REVIEW OF AN ARTIST’S LIFE BY-THE-SEA IN 2013 – ART JOURNAL SUMMARY

At the end of 2013, I went back and reviewed all the images in my “daily” art journal to come up with a summary of what my life was for the year.  A short version of this article was sent out with a holiday card.  I hope you enjoy it! 

“Once you start taking an interest in the little things, the world suddenly becomes immense.”  Ernst Junger

One time I read that professors & doctors often have deep grove lines on their foreheads because every time they learn something, it causes their eyebrows to raise in surprise.  If this is true, then my forehead will be like an eroded canyon wall in the coming years.  There is so much to learn about.  The world is filled with so many wondrous things.  Often when studying a subject, I paint sketches of the subject in both watercolors and Japanese brush painting.  This year my interest was captured by the study of ocean waves and seaweeds.  I also became fascinated by clouds in our San Diego skies.  We don’t often have clouds so seeing them is unusual.  One rainy day I followed the clouds in the sky starting at the beach, moving to the top of a mountain, then driving inland and finally at sunset returning to the beach to observe how they changed throughout the day.  While reading a weather book to find out the types of clouds and put names to them, I discovered a certain cloud formation is known as a mackerel sky because the clouds resemble fish scales! 

“Smell the sea & feel the sky.  Let your soul & spirit fly.”  Van Morrison

I am still very passionate about the California harbor seals, especially after observing them giving birth to their 25 pound babies during the pupping season, which in San Diego is February through the end of April.  38 pups were born in 2013.  Seeing the affection and care mothers give their pups touches my heart & soul.  Watching pups catch piggyback rides on mom’s back when they get too tired to swim on their own, watching them touch noses to recognize each other, seeing a mother putting a flipper protectively over the back of her pup as they sleep in a shallow tide pool, watching an exhausted mother trying to come up onto the beach to rest, yet turning around and following her pup who just wants to play in the sea, I feel the harbor seal mother is just like every other mother in the world.  Harbor seals nurse their pups for a short 4-6 weeks and during that time their little pup balloons up to be fat little seals.  It’s like you can see the weight of the mother transfer directly to the pup, which is nature’s way of protecting the pups during the transition of being nursed by mom and having to feed themselves.  Pups can swim instantly after they are born and they rocket through the water.  Now those pups born last February thru April are thriving.  I watch them in the water sticking their small faces out of the water twirling their little front flippers to stay afloat in the water and they are like little magical water sprites.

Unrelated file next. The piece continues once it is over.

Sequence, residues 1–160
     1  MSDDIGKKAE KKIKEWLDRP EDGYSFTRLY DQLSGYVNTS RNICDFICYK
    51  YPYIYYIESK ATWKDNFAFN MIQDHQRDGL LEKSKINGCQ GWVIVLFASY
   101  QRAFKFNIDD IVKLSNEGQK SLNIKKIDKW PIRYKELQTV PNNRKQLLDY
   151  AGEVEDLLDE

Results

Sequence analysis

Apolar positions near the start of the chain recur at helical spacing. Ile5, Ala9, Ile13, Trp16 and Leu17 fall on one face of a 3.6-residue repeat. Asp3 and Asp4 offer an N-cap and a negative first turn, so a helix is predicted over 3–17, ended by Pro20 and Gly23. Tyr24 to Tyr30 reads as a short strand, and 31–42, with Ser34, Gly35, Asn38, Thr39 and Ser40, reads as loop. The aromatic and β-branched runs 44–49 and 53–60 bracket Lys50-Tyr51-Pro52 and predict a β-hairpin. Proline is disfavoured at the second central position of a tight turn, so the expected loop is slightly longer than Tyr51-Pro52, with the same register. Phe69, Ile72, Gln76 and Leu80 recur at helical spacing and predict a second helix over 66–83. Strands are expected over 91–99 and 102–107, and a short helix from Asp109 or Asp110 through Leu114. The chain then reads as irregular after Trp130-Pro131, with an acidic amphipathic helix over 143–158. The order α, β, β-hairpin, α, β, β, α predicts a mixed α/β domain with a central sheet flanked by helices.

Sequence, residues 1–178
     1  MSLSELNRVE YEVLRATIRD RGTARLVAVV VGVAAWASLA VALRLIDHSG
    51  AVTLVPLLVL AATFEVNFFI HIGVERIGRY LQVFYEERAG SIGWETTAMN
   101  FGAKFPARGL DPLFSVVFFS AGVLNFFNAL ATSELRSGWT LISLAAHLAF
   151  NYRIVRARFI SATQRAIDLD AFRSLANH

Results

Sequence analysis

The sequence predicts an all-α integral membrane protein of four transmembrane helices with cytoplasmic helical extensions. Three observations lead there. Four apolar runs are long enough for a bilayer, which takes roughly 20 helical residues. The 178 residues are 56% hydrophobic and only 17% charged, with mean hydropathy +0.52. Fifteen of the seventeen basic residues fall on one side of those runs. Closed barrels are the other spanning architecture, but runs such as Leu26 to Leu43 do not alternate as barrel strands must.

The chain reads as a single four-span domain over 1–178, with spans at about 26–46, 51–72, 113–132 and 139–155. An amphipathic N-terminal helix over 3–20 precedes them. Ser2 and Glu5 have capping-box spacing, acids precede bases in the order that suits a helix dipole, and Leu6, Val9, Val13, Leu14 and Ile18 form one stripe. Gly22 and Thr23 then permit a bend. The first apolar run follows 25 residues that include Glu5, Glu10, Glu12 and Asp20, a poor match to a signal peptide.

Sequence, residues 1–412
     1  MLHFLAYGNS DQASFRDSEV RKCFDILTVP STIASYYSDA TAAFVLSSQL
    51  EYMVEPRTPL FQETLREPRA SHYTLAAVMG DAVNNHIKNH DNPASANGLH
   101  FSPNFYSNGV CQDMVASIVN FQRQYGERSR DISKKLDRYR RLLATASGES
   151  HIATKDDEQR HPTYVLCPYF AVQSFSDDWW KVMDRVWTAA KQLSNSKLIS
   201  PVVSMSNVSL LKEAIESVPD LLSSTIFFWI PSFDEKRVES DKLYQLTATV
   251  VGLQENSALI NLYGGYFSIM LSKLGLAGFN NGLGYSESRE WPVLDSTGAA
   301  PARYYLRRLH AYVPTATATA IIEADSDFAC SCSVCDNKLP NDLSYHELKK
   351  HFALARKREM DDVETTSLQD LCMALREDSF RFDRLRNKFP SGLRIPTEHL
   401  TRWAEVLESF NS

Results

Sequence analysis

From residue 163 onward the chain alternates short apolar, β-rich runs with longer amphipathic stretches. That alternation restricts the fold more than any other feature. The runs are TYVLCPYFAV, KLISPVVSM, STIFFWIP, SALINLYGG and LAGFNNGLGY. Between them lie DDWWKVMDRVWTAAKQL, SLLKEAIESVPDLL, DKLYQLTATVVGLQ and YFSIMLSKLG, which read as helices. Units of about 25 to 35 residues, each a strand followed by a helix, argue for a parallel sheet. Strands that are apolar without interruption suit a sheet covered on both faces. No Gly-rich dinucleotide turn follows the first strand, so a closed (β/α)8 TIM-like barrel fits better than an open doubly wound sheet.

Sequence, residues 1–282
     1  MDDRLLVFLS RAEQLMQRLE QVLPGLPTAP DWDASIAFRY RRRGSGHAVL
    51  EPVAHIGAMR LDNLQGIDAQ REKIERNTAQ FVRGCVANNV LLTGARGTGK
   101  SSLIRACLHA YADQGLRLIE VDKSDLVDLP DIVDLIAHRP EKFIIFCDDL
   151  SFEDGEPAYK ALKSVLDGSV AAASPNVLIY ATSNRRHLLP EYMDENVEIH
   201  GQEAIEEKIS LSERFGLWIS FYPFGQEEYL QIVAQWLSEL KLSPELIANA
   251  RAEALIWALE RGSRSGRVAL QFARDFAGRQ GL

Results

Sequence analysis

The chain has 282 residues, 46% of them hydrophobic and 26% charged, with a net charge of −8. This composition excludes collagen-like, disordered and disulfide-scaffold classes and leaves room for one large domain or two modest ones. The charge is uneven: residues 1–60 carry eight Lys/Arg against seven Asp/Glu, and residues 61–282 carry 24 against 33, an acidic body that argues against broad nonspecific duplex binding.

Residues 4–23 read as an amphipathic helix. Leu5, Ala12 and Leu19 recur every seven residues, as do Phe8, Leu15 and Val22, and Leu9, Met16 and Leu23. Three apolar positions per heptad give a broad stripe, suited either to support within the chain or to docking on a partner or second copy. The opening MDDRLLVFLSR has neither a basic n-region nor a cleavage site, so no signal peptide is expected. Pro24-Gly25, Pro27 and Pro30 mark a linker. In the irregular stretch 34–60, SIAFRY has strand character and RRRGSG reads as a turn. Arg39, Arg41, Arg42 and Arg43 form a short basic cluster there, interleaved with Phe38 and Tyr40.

“…life delights in life.”  – William Blake

Every day is brand new day to see something different in nature.   One early morning I watched as the sea lions slid down the bluff to the ocean and it was just like they were on a kid’s sliding board.  I laughed and laughed.  Sea lions are so humorous and clown-like.  They just walk over each other and sleep together in huge sea-lion heaps on the bluffs.   Sea lions can sleep or rest in the water and do so in groups by sticking up an arm flipper or a tail flipper, which float above the ocean like black sails.  People sometimes think these are shark fins!  When sea lions do this it is called “rafting”.  I have been on a boat 9 miles out to sea and see the sea lions “rafting” together.  It is fascinating to know that they are able to rest even if there is no land around to get out of the water.  Nature is marvelous. 

San Diego lobster season is from December to March and there are lobster trap buoys everywhere off shore.  One early morning, I watched the lobster boats hauling up lobster traps and I could see one giant 500 pound male sea lion following the boat from trap to trap and then sticking his head up to beg for leftover bait fish.  The fishermen complied and the sea lion had an easy work-free meal.  Sometimes sea lions get wrapped up and trapped in fishing line, which they cannot get free from.  The line tightens and cuts into their flesh and can not only hurt them, but be terminal unless they can be rescued.  The mooching sea lion may have been clever, but he also was doing something that could cause him harm.